Judges Question Witness’s Use of Voice Recognition to Identify Kwoyelo; Proceedings Adjourned Due to Presidential Decree on COVID-19

The trial of Thomas Kwoyelo, a former commander of the Lord’s Resistance Army (LRA), resumed on Monday before the International Crimes Division (ICD) sitting at the High Court of Uganda in Gulu.  From March 16 – 19, the court heard testimony from two prosecution witnesses, one of whom testified in a closed session. A panel of four judges presides over trial: Dancan Gaswagga, Jane Persis Kiggundu, Michael Elubu, and Stephen Mubiru.

Kwoyelo Trial Background

Kwoyelo is facing 93 counts of war crimes and crimes against humanity allegedly committed between January 1995 and December 2005 in northern Uganda. The main phase of his trial started on September 24, 2018. The first two prosecution witnesses testified from March 12 to 14, 2019. From July 1 to 18, the court heard testimony from five additional prosecution witnesses. The seventh and eighth prosecution witnesses appeared from September 30 to October 3. From October 7 to 10, two more prosecution testified, and afterwards the trial was postponed indefinitely due to a disagreement between the defense and the prosecution over the use of closed sessions. In December 2019, the trial resumed before the ICD sitting at the High Court in Kampala, however, proceedings could not take place due to the absence of Kwoyelo, the court assessors, interpreters, and witnesses and for this reason, judges adjourned the trial to January 2020. From January 13 to 15, the trial resumed in Gulu and four prosecution witnesses testified and concluded their testimonies. From March 9 – 13, at proceedings held in Gulu, judges heard testimony from four witnesses.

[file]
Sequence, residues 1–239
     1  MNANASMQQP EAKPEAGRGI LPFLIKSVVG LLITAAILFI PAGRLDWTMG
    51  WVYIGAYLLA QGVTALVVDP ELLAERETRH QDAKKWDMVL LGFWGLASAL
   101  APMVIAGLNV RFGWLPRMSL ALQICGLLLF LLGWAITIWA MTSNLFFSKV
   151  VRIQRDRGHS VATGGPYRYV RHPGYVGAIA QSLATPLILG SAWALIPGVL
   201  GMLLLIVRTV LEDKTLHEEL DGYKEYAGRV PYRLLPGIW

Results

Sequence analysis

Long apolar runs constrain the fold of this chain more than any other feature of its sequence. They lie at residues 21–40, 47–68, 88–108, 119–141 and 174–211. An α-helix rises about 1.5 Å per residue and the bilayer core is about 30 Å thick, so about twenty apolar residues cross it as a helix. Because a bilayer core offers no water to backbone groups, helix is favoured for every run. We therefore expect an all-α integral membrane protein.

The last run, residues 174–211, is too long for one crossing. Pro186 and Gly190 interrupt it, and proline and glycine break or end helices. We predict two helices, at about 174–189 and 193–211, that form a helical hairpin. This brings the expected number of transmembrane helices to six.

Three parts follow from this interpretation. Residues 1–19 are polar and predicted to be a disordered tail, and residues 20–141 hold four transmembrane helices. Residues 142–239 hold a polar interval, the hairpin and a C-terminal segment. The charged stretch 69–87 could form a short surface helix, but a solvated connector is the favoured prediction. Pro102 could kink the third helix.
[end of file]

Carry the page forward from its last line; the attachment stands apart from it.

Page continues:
This article provides a summary of proceedings held from March 16-19.

Monday, March 16: Eighteenth Prosecution Witness Testifies in Closed Session

On March 16, the prosecution called their eighteenth witness, PW18, who testified in a closed session. The prosecution requested protective measures, which included the use of the pseudonym “D1” and concealing the witness’s identity from the public. As a result, court officials did not allow the public into the courtroom. D1 testified throughout the day, and proceedings were adjourned for cross-examination by the defense the following day. The testimony of D1 marked the beginning of incidence ‘D.’

Tuesday, March 17: Nineteenth Witness Testifies Her Mother’s Death; Acholi Translation Remains a Challenge.

On March 17, PW 18 completed testimony in a closed session. The prosecution called their next witness, PW 19, who went by pseudonym “D13.” Prior to her testimony, the defense, prosecution, victims’ representatives, and the registrar met and agreed to share collective responsibility on ensuring accurate translation, a resolution the judges welcomed. However, this did not improve the quality of translation.

PW 19 testified about the abduction of her sister and brother and the killing of her mother by an LRA outfit allegedly commanded by Kwoyelo. She narrated how the rebels came to their home and captured her brother and sister, Acaba Francis and Akello Paska. Seven days later, the rebels returned claiming Acaba Francis had escaped. When her mother denied knowing where Acaba was, Kwoyelo allegedly ordered for her to be killed, and the witness testified that his mother was axed to death by the rebels.